Evaluating the Feasibility and Effects of the Complexity Account of Treatment Efficacy (CATE) for Joint Attention Intervention with Children with ASD
Becker, Stephanie D.
University of Kansas
Hearing and Speech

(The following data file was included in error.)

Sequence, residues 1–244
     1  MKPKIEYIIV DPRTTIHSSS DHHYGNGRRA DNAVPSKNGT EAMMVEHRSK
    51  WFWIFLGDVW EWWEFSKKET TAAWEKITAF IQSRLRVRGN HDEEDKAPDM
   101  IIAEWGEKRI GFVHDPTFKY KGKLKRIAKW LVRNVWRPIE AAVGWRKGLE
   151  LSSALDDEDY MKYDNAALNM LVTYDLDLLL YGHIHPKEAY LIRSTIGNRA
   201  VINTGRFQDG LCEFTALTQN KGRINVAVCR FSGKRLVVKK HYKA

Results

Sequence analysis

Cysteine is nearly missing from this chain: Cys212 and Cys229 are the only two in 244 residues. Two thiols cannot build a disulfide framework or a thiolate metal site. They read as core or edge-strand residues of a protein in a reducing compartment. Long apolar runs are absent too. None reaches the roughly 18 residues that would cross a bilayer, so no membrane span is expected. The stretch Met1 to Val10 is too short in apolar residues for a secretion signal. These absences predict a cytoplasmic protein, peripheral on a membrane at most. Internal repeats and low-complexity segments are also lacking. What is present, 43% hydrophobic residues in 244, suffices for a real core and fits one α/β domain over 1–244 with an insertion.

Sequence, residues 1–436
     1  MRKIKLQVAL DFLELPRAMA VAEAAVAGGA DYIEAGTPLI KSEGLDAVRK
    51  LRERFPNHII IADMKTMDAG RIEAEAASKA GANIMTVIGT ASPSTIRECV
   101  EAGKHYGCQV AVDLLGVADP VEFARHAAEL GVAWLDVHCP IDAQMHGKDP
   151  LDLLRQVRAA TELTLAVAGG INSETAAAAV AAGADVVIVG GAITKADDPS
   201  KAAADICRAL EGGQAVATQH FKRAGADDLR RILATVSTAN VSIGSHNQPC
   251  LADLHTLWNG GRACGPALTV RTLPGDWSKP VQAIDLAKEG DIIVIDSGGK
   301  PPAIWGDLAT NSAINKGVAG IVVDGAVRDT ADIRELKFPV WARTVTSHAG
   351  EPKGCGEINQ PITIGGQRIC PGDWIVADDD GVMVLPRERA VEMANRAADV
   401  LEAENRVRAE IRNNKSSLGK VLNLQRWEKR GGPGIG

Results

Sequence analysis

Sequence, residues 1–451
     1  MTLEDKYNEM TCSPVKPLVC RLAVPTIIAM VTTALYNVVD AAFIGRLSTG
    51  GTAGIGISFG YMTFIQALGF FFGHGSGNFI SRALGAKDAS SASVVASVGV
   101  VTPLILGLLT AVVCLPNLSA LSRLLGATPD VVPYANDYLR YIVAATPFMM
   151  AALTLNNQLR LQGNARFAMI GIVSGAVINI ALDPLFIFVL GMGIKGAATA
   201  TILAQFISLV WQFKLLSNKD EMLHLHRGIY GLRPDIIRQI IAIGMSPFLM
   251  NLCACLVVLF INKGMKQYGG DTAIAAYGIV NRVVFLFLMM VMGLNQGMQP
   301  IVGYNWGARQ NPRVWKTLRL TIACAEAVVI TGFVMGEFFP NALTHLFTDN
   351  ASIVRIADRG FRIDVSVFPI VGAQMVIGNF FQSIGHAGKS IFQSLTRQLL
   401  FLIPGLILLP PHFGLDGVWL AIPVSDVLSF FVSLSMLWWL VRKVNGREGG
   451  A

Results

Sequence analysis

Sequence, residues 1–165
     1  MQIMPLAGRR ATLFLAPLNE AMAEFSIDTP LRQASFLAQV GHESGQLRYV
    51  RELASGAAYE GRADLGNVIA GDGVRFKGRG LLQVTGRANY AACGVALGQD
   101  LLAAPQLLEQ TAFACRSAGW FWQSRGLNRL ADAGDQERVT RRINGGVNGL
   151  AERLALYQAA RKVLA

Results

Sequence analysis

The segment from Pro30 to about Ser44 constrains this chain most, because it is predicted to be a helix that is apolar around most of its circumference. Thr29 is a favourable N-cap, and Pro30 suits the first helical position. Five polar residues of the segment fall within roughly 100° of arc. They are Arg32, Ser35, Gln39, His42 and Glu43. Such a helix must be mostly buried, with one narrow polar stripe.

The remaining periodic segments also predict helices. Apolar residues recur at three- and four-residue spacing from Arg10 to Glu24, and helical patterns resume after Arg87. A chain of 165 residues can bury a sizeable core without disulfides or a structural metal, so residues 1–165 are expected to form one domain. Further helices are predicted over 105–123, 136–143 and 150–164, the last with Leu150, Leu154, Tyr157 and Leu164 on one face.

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Much discussion in recent years has focused on the topic of Joint attention (JA) in children with autism spectrum disorders (ASD). The literature demonstrates the crucial role of JA in developing social-communicative competence in typically developing (TD) children (Meindel & Cannella-Malone, 2011; White et al., 2011). One specific JA skill that has been highlighted in the research is the use of gestural pointing for social purposes (Colonnesi et al., 2010). Children with ASD use few, if any, points to share interest with others about objects and events (Baron-Cohen, 1989; Carpenter et al., 2002). Consequently, deficit in JA pointing is a key early indicator of autism, even for infants as young as 12- months (Werner & Dawson, 2005). JA pointing can be considered a pivotal skill in development given that it predicts long-term language development (Colonnesi et al., 2010). Treatment of JA pointing for children with ASD has been promising (Jones, Carr, & Feeley, 2006; Kasari, Freeman, & Paparella, 2006), although often time intensive (Whalen & Schreibman, 2003). The efficient use of therapy time, especially during the early years, is of vital importance. The focus of this study is to investigate a novel, and hypothetically beneficial, approach to improving the efficiency of treatment focused on JA pointing for children with ASD. This novel approach to JA treatment, referred to as the Complexity Approach to Treatment Efficacy (CATE), is based on treatment efficiency demonstrated in other areas of intervention research (Gierut, Morrisette, Hughes, & Rowland, 1996; Thompson, Shapiro, Kiran, & Sobecks, 2003). In the present study, a hierarchy of non-verbal JA skills is constructed from least to most complex skills. Treatment of the most complex skill is then targeted in therapy to evaluate the feasibility and effects of this approach for children with ASD.
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